The recent Delaware Court of Chancery decision in Vintage Rodeo Parent, LLC, et al. v. Rent-A-Center, Inc. vividly illustrated how relatively simple mechanisms in acquisition agreements can create confusion. The genesis of that case was when Vintage Capital (which owned Buddy’s, a rent-to-own retailer), entered into a merger agreement to acquire Rent-A-Center, Inc., a bigger participant in the rent-to-own space. The agreement had an “end date” provision, which permitted either party to terminate if the deal was not completed within six months. The agreement further provided that if anti-trust regulatory approval was not obtained by the end date, each party had the right to extend the end date for three months and then for a further three months. If neither party extended, the agreement wouldn’t necessarily come to an end, but either party could terminate. The merger agreement had an additional interesting feature: If Vintage chose not to extend the end date, it was required, if either party subsequently terminated, to pay an enormous US$126.5-million fee to Rent-A-Center.
At some point, as both parties continued to use their contractually mandated commercially reasonable efforts to get regulatory approval, Rent-A-Center’s results improved and it decided that it preferred not to proceed with the merger. It fully expected Vintage to extend. When Vintage didn’t do so, Rent-A-Center terminated and claimed the huge fee.
At its core, the case was simple. There was a mechanically straightforward provision for the delivery of a notice to extend the end date, and it was not delivered. The arguments advanced by Vintage hint at the complexities of these transactions. It argued first that the parties had been working together diligently to achieve regulatory approval and that, through these efforts (and the documents generated through that process), Vintage had given adequate notice of its intention to extend (or that the extension process had become moot in view of both parties’ apparent intention to proceed). The problem noted by the court was that both parties were obligated to chase the regulatory approval until the agreement terminated, so their conduct could not be treated as obviating the relevance of the extension framework. Vintage also argued that Rent-A-Center had fraudulently concealed its intent to terminate. The court considered this position as, in effect, an argument for a “duty to warn,” which does not exist (sophisticated commercial counterparties having no obligation to remind each other of their contractual rights). Finally, Vintage argued that the implied covenant of good faith and fair dealing prevented Rent-A-Center from terminating; the court, however, noted that this covenant was a filler for gaps in an agreement and not an all-purpose guarantee of fair outcomes.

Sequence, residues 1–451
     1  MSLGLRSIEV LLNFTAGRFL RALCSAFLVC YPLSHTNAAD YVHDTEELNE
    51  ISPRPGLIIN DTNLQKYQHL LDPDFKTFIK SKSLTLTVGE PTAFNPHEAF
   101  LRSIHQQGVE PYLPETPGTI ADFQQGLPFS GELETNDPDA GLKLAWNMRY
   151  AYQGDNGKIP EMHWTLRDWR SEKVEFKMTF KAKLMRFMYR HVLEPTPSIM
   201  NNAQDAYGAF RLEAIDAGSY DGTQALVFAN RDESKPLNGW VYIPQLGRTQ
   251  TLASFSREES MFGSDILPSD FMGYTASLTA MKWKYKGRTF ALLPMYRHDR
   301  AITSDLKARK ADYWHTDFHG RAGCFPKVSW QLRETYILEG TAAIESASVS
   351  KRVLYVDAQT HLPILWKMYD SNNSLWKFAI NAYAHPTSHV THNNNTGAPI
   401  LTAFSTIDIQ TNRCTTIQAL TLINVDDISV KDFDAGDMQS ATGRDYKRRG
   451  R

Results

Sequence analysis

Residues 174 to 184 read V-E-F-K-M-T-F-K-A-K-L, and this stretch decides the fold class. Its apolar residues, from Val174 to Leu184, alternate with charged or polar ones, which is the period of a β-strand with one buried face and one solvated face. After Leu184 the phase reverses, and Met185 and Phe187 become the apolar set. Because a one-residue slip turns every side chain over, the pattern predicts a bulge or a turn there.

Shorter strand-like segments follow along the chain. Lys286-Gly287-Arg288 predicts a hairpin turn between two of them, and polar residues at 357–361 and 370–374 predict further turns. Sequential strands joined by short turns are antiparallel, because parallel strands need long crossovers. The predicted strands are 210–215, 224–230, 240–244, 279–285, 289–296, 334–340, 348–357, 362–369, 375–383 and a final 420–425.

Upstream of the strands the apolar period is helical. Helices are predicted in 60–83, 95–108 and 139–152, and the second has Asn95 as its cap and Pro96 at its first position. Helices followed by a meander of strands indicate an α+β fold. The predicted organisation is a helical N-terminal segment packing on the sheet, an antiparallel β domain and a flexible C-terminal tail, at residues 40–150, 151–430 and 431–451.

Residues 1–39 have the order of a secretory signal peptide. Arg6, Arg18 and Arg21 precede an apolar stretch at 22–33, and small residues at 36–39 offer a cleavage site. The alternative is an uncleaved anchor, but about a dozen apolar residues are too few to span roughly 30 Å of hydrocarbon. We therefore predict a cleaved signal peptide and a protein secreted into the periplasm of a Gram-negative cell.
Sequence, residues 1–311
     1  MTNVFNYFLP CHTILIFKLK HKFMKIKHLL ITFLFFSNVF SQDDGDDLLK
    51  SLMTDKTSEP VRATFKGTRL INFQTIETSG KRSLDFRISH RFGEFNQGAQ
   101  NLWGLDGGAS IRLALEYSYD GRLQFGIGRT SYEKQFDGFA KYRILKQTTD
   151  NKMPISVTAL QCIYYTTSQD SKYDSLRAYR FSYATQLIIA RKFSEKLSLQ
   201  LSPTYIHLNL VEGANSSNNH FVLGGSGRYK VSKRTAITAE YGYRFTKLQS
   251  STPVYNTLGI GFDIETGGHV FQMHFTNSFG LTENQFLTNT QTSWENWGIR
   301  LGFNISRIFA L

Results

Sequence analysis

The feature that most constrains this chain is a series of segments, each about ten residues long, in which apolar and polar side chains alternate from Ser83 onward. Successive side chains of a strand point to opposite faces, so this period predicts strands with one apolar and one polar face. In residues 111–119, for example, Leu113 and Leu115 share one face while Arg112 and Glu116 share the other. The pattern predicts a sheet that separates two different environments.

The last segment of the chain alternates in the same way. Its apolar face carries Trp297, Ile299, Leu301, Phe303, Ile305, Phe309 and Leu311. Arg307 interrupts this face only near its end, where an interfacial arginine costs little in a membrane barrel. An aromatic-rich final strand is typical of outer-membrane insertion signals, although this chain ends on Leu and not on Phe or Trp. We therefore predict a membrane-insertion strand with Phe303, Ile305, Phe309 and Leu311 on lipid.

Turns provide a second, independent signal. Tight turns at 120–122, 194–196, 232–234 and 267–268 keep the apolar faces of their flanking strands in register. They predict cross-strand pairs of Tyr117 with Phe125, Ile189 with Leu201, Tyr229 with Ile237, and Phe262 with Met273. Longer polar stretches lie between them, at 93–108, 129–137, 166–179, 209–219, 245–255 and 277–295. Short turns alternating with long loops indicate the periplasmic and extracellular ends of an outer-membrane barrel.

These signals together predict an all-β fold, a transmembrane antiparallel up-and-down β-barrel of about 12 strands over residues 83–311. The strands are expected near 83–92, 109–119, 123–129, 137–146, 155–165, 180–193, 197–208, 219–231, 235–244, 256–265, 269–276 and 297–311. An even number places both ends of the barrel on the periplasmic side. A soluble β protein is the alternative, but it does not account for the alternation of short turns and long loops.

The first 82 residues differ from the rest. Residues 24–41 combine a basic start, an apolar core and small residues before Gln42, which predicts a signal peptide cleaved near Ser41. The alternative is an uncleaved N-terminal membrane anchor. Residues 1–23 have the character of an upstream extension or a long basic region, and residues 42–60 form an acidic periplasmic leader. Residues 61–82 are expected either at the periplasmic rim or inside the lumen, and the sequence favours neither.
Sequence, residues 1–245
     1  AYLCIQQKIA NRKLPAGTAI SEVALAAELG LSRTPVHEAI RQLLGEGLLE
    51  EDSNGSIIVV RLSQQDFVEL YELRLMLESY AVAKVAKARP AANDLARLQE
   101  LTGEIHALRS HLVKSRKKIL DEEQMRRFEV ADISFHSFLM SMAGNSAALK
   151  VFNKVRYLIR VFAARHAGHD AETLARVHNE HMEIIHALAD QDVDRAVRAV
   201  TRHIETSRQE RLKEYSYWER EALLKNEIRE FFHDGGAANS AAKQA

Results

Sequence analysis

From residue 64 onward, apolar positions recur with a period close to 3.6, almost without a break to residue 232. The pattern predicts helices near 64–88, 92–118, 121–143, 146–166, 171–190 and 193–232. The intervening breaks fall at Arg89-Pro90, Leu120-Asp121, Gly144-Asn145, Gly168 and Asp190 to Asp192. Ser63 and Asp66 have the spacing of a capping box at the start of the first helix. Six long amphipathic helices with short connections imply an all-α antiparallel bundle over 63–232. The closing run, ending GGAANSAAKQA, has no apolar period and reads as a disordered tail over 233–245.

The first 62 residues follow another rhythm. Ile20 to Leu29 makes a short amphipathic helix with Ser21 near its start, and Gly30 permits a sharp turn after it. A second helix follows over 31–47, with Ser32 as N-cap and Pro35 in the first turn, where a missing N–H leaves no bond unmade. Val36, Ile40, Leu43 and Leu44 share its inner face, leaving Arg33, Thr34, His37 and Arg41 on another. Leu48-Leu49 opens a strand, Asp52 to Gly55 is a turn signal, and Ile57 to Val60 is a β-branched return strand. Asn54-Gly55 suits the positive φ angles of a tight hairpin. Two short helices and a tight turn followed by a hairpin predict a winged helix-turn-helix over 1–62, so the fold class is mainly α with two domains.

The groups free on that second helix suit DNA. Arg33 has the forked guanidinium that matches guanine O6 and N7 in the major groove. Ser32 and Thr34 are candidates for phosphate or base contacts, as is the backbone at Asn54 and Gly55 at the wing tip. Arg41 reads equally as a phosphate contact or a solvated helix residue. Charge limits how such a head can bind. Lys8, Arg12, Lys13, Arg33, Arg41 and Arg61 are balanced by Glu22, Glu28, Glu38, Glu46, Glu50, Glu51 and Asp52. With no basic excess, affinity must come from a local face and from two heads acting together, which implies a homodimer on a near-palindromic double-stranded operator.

During the negotiation of a merger agreement, parties and their advisors will typically think through multiple possible permutations, trying to anticipate how events might evolve, for whose relative advantage those events will be, and how to balance natural desires to maintain optionality for oneself while binding the other party. These thought processes can be confusing, but the confusion is compounded because Rent-A-Center’s conclusion that the deal terms were no longer advantageous to it might lead one to think that Vintage would be anxious to proceed with its acquisition of a now more valuable target on previously agreed terms, even putting aside Vintage’s incentive to extend to avoid the termination fee. Maybe Vintage simply forgot to send the notice.
This leads to a memorable demonstration of a ubiquitous factor in transactions in the digital age, namely the ironically labelled “paper trail.” In the elegant manner of judicial expression, the court noted that when Vintage learned that a notice of extension had not been sent, one financial advisor wrote to another: “We are [prejudiced in the extreme].” We are left to speculate whether the response was: “No [rancid excrement]!” or similar.
The core lesson of the case is that courts will interpret contracts — particularly heavily negotiated contracts between sophisticated parties — according to their plain results and will not read in language to support a disappointed party’s rationalization. As I write this, I can hear echoes of my family giggling when I describe these matters as straightforward. I’ve heard them more than once say, “It’s all Greek to me,” which begs one final fascinating question, namely what do they say when there are challenging contractual interpretation questions in Athens?
Neill May is a partner at Goodmans LLP in Toronto focusing on securities law, with an emphasis on M&A and corporate finance. The opinions expressed in this article are his alone.